Immediately, the hackles on the back of my neck were bristling.
During continued conversation with this individual, I found out he was a retired CW3 from the Army that was a chemist. We talked about what he did for a while and the whole time, he continued bad-mouthing the Corps. Finally, I could take no more. I looked this guy in the eye and said, "Listen, I may have gotten out of the Army after 10 years as an Infantry Staff Sergeant, but I have way too many Marine Corps buddies for you to be standing there talking smack about the Corps." I continued to inform him that he needed to get away from me before he got his hat handed to him in the middle of the store.
Needless to say, he wasn't very happy with me and considered me a traitor, since I'm former Army. But, he chose the better option and left with his face intact. I guess he figured that at 6'3" and 235 pounds, I was a little more than he wanted to take on.
Ooh-Rah and Semper Fi! To all those Marines out there...Keep up the great work!
James H Blunt
SSgt / US Army Infantry / 1982-1992
And I Quote...
"Resolve to perform what you ought. Perform without fail what you resolve."
Good morning. Please see attached. We are receiving 2 catalogs, one each in my husband's name, and mine before we married last year. Can you please take the Marianne Franklin one off the catalog mailing list? We do not need to receive 2. Thank you.
We met in 2004 when our sons were stationed together with 3rd LAR at 29 Palms. We had been exchanging a few emails, when we found out that, out of the entire battalion, our sons were bunking together. He traveled from Connecticut to Nebraska to visit (numerous times), and our relationship grew. He moved to Nebraska in the fall of 2008.
The "boys" (our sons, Kevin and Joel) were deployed to Iraq in early August 2004. They crossed from Kuwait into Iraq on Joel's 20th birthday. Bruce's other son, Brian, was stationed in Kanehoe Bay, HI. He ended up going on 31st MEU, which was bouncing around the middle east until a few weeks before the Fallujah quest.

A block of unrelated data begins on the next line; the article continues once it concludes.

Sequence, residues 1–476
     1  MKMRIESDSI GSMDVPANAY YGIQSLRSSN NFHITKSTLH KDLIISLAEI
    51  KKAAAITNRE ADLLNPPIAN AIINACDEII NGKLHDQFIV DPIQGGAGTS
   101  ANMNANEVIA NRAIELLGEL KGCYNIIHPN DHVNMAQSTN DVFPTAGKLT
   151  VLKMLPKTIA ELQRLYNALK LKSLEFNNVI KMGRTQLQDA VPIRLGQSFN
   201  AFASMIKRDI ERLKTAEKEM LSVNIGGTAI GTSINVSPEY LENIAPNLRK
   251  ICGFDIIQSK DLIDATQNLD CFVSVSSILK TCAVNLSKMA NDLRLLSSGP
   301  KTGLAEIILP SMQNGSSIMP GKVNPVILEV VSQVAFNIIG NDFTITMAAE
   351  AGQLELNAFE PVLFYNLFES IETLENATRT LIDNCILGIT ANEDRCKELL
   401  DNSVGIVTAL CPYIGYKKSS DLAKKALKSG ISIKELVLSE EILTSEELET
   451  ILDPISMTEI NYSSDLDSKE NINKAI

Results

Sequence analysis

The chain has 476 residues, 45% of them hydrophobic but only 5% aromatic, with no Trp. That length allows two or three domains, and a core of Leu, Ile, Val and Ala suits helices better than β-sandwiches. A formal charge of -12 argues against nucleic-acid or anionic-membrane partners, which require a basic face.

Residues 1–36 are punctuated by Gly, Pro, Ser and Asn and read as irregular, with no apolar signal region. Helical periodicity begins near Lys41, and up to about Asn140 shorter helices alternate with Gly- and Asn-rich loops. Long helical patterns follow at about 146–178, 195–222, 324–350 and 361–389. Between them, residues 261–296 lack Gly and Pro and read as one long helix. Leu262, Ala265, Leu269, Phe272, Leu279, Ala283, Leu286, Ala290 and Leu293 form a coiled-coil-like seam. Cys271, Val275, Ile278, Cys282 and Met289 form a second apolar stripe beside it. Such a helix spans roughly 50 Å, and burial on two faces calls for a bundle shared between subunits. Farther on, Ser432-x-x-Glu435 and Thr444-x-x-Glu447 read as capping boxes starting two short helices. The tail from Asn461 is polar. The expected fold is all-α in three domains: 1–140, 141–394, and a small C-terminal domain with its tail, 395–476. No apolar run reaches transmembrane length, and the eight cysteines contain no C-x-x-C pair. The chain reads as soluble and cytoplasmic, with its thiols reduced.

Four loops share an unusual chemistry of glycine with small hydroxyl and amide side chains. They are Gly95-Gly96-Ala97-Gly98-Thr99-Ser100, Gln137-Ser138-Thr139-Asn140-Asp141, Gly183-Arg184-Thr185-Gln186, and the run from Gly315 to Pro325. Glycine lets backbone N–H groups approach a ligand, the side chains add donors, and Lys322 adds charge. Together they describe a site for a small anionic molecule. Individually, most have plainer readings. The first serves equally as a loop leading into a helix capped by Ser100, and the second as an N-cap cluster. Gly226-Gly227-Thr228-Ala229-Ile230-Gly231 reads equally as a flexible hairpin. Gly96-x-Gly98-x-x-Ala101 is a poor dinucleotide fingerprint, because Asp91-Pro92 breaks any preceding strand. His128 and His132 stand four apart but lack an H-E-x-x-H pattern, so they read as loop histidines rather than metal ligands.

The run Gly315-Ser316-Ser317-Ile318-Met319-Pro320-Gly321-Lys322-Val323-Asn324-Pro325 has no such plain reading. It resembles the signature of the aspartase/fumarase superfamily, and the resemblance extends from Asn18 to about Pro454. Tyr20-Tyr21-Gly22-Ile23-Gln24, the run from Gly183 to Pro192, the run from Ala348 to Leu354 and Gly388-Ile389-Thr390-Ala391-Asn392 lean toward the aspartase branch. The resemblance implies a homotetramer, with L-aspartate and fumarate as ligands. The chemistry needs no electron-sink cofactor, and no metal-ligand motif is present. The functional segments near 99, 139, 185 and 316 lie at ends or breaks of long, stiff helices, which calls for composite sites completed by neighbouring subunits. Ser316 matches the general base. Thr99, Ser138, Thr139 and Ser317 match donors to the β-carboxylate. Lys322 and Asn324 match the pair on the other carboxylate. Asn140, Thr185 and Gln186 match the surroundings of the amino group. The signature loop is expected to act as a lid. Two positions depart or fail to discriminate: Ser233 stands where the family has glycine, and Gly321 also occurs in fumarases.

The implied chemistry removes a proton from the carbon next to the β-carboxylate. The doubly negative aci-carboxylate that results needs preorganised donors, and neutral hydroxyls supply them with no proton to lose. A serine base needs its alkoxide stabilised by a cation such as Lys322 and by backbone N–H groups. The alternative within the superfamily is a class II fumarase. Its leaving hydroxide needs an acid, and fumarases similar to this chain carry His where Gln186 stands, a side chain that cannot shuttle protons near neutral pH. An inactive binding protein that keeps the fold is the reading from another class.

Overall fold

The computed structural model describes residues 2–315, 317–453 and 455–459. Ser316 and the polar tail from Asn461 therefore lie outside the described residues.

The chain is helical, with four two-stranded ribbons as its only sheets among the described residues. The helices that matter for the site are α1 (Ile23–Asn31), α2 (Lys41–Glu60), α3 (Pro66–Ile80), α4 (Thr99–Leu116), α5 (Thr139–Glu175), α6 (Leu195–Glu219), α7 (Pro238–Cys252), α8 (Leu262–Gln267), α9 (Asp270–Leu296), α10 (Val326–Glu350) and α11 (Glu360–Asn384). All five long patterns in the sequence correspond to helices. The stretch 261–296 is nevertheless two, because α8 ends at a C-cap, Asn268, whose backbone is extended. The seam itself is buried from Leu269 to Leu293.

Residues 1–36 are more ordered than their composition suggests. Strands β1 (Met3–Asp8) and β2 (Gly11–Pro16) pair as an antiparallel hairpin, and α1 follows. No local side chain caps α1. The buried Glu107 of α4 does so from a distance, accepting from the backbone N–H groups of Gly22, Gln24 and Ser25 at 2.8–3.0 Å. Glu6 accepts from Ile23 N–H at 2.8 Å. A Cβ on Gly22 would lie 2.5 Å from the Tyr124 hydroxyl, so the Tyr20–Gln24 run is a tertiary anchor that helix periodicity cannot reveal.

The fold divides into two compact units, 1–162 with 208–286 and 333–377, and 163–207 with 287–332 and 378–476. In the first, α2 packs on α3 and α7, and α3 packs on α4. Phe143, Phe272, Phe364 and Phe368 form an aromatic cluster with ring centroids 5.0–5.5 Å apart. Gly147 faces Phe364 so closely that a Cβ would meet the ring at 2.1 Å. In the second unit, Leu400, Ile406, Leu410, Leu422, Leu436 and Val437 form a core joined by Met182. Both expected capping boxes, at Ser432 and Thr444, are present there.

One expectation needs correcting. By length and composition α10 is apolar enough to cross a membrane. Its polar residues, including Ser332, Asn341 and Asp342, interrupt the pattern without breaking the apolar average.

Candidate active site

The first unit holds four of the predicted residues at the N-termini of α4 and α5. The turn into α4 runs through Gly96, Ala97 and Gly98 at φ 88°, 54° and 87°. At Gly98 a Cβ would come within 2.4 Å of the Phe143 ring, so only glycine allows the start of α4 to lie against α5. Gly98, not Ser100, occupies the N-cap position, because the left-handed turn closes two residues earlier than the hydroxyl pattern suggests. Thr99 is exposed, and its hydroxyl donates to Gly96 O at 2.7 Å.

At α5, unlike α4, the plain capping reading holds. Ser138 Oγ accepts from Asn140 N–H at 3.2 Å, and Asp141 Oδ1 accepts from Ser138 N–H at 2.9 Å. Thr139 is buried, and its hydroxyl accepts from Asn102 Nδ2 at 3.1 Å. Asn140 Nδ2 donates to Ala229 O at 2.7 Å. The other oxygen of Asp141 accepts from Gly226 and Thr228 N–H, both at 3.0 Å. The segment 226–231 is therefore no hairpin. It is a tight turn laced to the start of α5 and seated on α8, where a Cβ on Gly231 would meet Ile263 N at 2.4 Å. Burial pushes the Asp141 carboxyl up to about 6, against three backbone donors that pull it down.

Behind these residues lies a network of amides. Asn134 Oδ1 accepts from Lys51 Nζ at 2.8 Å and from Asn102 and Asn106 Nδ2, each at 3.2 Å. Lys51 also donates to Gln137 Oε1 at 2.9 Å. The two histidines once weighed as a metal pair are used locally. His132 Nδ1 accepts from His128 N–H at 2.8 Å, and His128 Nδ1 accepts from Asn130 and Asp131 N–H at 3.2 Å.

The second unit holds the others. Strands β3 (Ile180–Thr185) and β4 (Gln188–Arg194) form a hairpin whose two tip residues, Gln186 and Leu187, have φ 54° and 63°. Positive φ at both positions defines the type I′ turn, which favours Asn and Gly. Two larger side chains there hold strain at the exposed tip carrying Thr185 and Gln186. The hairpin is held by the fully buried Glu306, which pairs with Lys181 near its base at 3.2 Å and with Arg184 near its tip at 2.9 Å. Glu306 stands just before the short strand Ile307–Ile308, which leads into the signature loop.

All 3 boys were at Fallujah. Brian was severely injured on 11/8/2004. His unit was one of the first ones in. He lost his right arm and right leg, recovered for nearly 2 years at Bethesda and Walter Reed. Brian lost many friends when his unit lost 31 Marines when their helicopter crashed at Ar Rutbah right near Camp Korean Village in Iraq on 1/26/2005. Joel and Kevin were stationed at Camp Korean Village at that time, had to help with recovery from the crash field. Joel and Kevin completed their enlistments. Joel got married this past summer. He goes to school full time and has worked with Home Depot for the two years since he left USMC. Kevin is a police officer in Murray, Utah. Brian was the fortunate recipient of a home from Homes for Our Troops, now lives in Coventry, CT. He and his best friend own and run 2 organic gardening supply stores in Cranston, RI and Old Saybrook, CT.
My husband, Bruce, served in USMC in 1966-1969 with only a few days in VietNam. His MOS had to do with IT. His father, Richard Johnston, served in USMC in WWI, and survived the battle at Peleleiu, for which he received a Purple Heart.
Semper Fi, and thanks for all you do.
Dear Sgt. Grit -
I am the father of a Marine and work for a suburban Chicago school district. We're blessed to operate three JROTC programs - USAF, USN and USMC (led by two former drill instructors, among the finest people I have ever met) - at my three high schools. Last summer, the Marine lance corporal son of a retired teacher was on patrol in Afghanistan when his vehicle struck an IED. Ed was severely injured and ultimately lost one of his legs below the knee.